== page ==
Author Topic: Doug Stanhope - Soul-Crushing Jobs  (Read 303 times)

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Silenus

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Doug Stanhope - Soul-Crushing Jobs
« on: February 01, 2019, 09:00:08 am »

"And the strict master Death bids them dance."

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Madika

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Re: Doug Stanhope - Soul-Crushing Jobs
« Reply #1 on: February 01, 2019, 05:24:36 pm »

The Creature

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Re: Doug Stanhope - Soul-Crushing Jobs
« Reply #2 on: February 01, 2019, 06:09:53 pm »
At around 8 minutes in, about the killer whale jumping up, dragging the its "trainer" into the water and chomping on her to death, Stanhope reflects that this is "inherently hilarious, but with a sense of horror."


I can definitely identify with that contradictory sense of knowing one is relatively smart in comparison with the multitude, and being honest enough to feel quite stupid just the same.

It's quite a paradox.
« Last Edit: February 01, 2019, 06:33:34 pm by Kaspar the Jaded »
Things They Will Never Tell YouArthur Schopenhauer has been the most radical and defiant of all troublemakers.

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Silenus

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Re: Doug Stanhope - Soul-Crushing Jobs
« Reply #3 on: February 01, 2019, 10:04:41 pm »
This bit about the killer whale literally killing off the "fun" is a great testament to how Schopenhauer sums life up as tragic from the out-set and comedic from the personal. And hey, what better way to understand how nearly every imposition we place upon the force greater than us - nature - ends up in futile folly, with horrific effect.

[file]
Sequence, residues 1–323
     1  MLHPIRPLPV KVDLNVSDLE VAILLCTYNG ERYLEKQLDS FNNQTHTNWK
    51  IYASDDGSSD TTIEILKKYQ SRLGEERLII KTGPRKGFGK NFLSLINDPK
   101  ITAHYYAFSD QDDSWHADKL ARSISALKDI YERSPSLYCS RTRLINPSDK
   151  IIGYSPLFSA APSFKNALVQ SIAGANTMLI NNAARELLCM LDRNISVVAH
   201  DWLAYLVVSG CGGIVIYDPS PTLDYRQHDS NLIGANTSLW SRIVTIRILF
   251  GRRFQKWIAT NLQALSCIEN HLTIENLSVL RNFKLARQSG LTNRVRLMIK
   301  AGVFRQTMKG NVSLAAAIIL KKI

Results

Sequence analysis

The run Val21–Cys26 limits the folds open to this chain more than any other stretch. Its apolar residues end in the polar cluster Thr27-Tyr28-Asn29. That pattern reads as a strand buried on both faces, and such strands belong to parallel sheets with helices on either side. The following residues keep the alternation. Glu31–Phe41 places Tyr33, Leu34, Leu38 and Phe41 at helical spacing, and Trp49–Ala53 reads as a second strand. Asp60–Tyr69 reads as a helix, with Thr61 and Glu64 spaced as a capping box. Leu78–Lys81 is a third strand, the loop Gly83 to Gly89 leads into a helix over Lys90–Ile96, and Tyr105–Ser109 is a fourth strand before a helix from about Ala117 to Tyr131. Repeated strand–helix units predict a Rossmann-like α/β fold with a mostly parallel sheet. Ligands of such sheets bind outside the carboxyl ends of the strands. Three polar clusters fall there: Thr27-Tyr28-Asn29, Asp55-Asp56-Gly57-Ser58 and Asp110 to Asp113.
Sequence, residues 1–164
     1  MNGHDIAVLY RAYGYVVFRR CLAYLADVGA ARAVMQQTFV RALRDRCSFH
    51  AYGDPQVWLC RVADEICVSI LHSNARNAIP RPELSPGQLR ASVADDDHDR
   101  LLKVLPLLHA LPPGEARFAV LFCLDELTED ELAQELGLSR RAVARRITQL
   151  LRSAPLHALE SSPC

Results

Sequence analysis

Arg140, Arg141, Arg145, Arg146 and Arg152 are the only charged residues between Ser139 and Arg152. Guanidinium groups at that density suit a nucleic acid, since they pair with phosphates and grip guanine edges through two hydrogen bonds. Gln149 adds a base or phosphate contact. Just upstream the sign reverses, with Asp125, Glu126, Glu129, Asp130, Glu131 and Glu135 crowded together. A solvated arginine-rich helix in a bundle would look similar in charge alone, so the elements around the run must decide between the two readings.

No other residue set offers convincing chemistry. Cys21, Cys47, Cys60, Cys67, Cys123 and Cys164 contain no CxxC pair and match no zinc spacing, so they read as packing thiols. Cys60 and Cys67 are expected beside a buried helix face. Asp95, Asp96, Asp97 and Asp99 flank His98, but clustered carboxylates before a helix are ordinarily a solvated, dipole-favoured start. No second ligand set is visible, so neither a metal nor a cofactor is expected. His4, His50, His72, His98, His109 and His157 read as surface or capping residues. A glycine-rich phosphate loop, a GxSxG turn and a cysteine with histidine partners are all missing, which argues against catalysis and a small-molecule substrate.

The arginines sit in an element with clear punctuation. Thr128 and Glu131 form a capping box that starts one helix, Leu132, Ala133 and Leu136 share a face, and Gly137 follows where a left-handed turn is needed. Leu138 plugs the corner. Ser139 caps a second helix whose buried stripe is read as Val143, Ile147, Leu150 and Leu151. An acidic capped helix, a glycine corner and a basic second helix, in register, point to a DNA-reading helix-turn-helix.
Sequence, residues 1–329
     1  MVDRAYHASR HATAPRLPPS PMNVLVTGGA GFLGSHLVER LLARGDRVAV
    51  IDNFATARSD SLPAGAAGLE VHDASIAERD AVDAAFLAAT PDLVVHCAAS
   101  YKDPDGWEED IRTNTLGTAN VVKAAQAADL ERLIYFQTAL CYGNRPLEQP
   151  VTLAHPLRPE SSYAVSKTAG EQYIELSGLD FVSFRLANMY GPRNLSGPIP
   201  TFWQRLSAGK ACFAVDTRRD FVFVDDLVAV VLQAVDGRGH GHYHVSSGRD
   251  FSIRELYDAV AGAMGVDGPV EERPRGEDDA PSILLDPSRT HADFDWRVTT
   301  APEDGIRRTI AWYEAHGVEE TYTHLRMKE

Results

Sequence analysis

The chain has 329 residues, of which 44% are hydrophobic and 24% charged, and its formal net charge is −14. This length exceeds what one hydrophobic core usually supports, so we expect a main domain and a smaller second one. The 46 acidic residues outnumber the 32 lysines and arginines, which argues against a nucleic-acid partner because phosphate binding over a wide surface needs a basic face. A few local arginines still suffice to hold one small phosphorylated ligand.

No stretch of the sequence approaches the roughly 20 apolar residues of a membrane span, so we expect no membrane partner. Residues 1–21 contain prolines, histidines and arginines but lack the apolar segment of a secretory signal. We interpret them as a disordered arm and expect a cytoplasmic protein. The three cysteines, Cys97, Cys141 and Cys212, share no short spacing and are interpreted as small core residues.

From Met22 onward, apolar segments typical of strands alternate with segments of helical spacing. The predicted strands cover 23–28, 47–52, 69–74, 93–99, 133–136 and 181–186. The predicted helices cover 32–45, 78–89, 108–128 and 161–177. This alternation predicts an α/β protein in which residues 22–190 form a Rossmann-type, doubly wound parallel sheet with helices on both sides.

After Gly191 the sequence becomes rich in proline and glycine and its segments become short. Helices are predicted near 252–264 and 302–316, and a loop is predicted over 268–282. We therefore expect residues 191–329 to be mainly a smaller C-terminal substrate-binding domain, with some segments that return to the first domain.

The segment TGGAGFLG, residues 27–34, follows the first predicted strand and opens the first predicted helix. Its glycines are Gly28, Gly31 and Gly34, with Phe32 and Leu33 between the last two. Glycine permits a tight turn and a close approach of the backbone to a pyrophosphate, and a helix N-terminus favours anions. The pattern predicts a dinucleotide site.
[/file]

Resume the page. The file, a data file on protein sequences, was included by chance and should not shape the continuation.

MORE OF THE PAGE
Is it really wrong to view our species, to really view our very own person, as a disease, a cancer? If we can understand that cellular cancer cells spread malignantly throughout the host, how is it any different than the human ape (body of cells) malignantly spreading across the host (the surface of the planet)? In raw fact it is not exactly far-fetched; it is hard for the subjective mind to grasp, however (aren't we all just a SPECIAL SOMEBODY? ;) ). Maybe it's a bit "poetic," but I find similarities.

Taken with a view of an indifferent, host planet - something akin to Thacker's definition of Planet in In The Dust of This Planet and Lovecraft's cosmic horror - having the conditions for "growing cellular life," we are the horror story; we are unchecked, random, growth.  It continues until the host cannot sustain it any longer.

I would be ignorant if I said that I wasn't part and parcel of the problem. I use modern convenience often without any regards of the detrimental impact.

Then again, would I want to be a hunter-gatherer? There was a time when I once romanticized the notion. But simply put, there really was never a GOOD time to be alive, just maybe a CONVENIENT one. And that is really not saying much when you consider yourself to be part of a disease.

Especially when that disease tries to tame killer whales. :)

http://fubini.swarthmore.edu/~ENVS2/S2003/jessiewhit/humansandcancer.htm
« Last Edit: February 01, 2019, 10:23:29 pm by Silenus »

"And the strict master Death bids them dance."

The Creature

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Re: Doug Stanhope - Soul-Crushing Jobs
« Reply #4 on: February 01, 2019, 11:12:29 pm »
Yes, our species can be viewed as a cancer.  The analogy fits.  Kurt Vonnegut Jr referred to us as "cancer with a conscience."

Also, somewhere in the original book which the films Invasion of the Body Snatchers were based, there is a point where someone reflects that it does not really even matter if the pod people are spores of somekind from a distant galaxy, that the human species at this time may as well be the pod people themselves, for our general large-scale behavior is the same as the Body Snatchers.

I also once greatly romanticized life as a hunter-gatherer, but upon deeper reflection, and especially after reading Ligotti's CATHR, I lean more in the direction of believing that there has never been a good time to be alive.

Things They Will Never Tell YouArthur Schopenhauer has been the most radical and defiant of all troublemakers.

Gorticide @ Nothing that is so, is so DOT edu

~ Tabak und Kaffee Süchtigen ~